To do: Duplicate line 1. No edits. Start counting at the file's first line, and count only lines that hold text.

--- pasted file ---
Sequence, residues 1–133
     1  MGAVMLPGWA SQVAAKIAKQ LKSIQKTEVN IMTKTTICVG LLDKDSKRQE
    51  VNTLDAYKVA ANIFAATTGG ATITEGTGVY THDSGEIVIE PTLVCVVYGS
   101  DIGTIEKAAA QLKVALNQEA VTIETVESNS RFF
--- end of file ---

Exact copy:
Sequence, residues 1–133